The best Chinese chicken I’ve ever had came tucked in a baguette from a sandwich shop just round the corner from the furniture shop I used to work at as a teenager. Every Saturday without fail I’d take all the staffs orders, nip down to the bakery and grab our huge order, and my order would always be Chinese chicken baguette. It was so tasty and the baguettes were always the perfect combination of crunchy crust and soft, doughy interior. Teenage lunch heaven. So you can imagine my grief and heartbreak when they took the Chinese chicken off the menu one sorry, sorry day in the early noughties. Distraught I was! I had to downgrade to a chicken tikka filling which while still being tasty, was not a patch on the Chinese. What does this have to do with today’s blog? Well, nothing really to be honest, except that today’s dinner reminded me of this early experience of grief and betrayal, and I got to use a pun in today’s title from one of my favourite movies ever, Ratatouille (the plot of which can be easily summed up with ‘there’s a rat in me kitchen, what am I gonna do?’. Get it to cook you a Michelin starred meal, that’s what).
Tonight I went with Gordon Ramsays’ newest book Ultimate Cookery Course and made Sichuan chicken. As the title suggests, it’s Chinese and its really easy, all you need to do is marinate the chicken then cook it in the marinade with chilli, garlic and ginger until the chicken is cooked and is covered in the reduced, sticky marinade. The marinade contains one of my favourite ingredients to say, which is Shaoxing rice wine, and really tickles me every time I say it. Don’t ask why because I don’t know, I just like the way it sounds. Try it then maybe you’ll understand. This is definitely a recipe which is better when used with chicken thighs, they don’t dry out in the same way breasts do and have a lot more flavour. Plus, if you’re on a budget they are so much cheaper, although I’d go with them over breasts even if they were more expensive. It can take time to reduce a sauce so you don’t want the meat to dry out and become barely inedible, so if you’ve not done so before, give thighs a go in a curry or casserole to see the difference. I served the chicken with some straight to wok noodles in Singapore flavour (I know what you’re thinking, how mental am I serving Sichaun and Singapore cuisine on the same plate? It’s risk taking like that that’ll get you noticed in culinary circles) which I had to hand and meant less washing up for the other half. The result? The glaze wasn’t as sticky and thick as I’d have liked it, but it had a nice spicy ping to it and coated the chicken really well. It did taste a bit too strongly of sesame oil which Gordon advised me to drizzle over the finished dish so perhaps I was a but heavy handed in the oil department but the flavour of the marinade and chillies fought there way through it. But enough about my opinion, I know you all really want to know what The Boyfriend thought about it, my toughest critic. I think it’s safe to say food critics A.A Gill, Jay Rayner and Kate Spicer can rest easy tonight, as when asked for his review his thoughts on dinner were, word for word, “I liked it, 3 out of 5. A perfectly acceptable midweek meal”. If he were to be paid by the word he’d soon find himself bankrupt, sleeping on the street and offering sexual favours for a sandwich. But I’ll say this, at least he’s concise, no waffly preamble about something completely unrelated to dinner before spending all of 3 sentences on the entire point of the article. Something to comfort him while he’s on the park bench and Gill is in his trendy London home.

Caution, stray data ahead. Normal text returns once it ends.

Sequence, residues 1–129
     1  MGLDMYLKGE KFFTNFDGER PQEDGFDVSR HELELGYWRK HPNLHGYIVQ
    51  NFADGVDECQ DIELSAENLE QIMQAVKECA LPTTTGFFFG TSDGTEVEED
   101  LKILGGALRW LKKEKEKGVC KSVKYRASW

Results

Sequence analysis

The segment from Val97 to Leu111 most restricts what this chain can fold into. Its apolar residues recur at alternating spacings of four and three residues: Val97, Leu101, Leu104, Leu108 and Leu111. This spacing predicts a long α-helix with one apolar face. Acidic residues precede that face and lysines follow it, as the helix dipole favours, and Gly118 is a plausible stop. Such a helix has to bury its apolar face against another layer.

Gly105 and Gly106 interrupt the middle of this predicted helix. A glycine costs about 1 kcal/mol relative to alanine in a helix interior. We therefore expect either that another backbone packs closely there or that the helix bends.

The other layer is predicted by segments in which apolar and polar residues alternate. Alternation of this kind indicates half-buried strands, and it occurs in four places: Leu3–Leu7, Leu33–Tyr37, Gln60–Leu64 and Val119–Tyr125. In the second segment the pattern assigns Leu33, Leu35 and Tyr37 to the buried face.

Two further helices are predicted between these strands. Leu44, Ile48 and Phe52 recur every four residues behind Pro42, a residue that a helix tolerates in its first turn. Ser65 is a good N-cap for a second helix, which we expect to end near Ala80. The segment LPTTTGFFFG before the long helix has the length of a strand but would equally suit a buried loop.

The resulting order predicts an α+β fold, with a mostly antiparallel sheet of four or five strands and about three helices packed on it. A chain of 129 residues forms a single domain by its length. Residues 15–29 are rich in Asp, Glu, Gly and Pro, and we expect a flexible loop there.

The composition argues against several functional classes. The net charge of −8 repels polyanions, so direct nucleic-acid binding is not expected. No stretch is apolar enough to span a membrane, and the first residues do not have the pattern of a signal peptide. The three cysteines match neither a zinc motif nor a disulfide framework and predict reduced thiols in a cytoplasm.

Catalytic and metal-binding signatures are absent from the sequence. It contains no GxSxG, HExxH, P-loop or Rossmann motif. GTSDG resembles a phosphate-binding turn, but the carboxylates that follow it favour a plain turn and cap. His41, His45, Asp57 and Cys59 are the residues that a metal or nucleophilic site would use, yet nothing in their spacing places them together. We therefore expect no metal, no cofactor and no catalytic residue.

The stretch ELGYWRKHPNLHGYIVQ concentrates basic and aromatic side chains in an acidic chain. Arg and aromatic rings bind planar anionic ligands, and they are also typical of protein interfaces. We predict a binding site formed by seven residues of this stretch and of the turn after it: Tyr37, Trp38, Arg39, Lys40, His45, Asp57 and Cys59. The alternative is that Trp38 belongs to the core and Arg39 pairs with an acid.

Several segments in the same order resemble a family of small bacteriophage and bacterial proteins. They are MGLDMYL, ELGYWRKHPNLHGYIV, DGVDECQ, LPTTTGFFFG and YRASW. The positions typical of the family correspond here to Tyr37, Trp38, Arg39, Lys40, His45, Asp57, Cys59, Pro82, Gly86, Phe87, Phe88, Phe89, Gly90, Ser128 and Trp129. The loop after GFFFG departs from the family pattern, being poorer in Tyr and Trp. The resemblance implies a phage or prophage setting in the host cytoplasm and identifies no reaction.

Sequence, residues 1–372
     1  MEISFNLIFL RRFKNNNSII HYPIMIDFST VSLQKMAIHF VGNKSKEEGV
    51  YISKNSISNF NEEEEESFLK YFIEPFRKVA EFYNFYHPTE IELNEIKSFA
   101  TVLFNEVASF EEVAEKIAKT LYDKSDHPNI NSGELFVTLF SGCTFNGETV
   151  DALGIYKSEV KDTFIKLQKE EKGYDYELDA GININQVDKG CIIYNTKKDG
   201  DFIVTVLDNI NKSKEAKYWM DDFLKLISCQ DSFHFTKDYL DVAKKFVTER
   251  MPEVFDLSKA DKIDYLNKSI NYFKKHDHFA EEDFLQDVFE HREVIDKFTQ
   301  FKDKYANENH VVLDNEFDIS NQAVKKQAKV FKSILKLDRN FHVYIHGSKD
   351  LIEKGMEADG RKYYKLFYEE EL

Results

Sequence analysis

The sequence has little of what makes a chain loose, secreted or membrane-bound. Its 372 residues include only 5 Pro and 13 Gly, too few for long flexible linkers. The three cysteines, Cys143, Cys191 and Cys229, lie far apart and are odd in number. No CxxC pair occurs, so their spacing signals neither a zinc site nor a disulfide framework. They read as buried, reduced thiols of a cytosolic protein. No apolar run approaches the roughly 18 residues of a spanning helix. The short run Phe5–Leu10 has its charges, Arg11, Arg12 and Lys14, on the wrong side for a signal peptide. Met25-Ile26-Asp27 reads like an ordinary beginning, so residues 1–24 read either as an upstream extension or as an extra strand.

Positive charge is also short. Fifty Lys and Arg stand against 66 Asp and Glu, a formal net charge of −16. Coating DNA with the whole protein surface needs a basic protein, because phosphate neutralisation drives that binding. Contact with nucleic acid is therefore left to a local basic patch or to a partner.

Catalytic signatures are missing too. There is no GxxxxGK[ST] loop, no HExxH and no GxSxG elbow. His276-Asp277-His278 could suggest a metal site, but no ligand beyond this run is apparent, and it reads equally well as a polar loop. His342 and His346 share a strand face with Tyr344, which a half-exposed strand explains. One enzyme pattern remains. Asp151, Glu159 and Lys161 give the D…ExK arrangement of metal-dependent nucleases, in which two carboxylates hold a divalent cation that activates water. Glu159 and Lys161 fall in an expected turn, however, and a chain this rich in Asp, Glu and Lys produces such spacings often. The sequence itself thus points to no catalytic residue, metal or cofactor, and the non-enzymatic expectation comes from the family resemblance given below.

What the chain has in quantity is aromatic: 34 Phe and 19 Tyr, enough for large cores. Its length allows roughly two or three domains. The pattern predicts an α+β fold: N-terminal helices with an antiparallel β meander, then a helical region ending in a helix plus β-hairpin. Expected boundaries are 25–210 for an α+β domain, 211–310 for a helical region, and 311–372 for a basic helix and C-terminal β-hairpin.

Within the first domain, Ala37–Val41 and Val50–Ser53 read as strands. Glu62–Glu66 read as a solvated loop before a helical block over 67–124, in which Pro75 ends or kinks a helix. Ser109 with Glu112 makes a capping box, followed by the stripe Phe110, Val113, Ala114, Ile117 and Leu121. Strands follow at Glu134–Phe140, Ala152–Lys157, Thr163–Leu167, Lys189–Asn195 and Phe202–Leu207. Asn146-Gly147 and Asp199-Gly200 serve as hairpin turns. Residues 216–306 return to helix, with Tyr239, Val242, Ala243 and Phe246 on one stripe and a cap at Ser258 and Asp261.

So we had a successful dinner tonight, nothing groundbreaking but tasty, filling and involving very little effort and minimal washing up. Plus it was a lot healthier than a takeaway, although nowhere near as satisfying after a long day. You’ll notice that once again my presentation is less than impressive, Monica Galletti would tear me apart were I to present her with such a plate, but I’d rather a hot dinner that looked a little shabby than a good looking dinner that was lukewarm after all the faffing. Saying all that, I do love how she can destroy a chef with just a grimace and a stare on Masterchef, more uncomfortable to watch than a Bush Tucker Trial.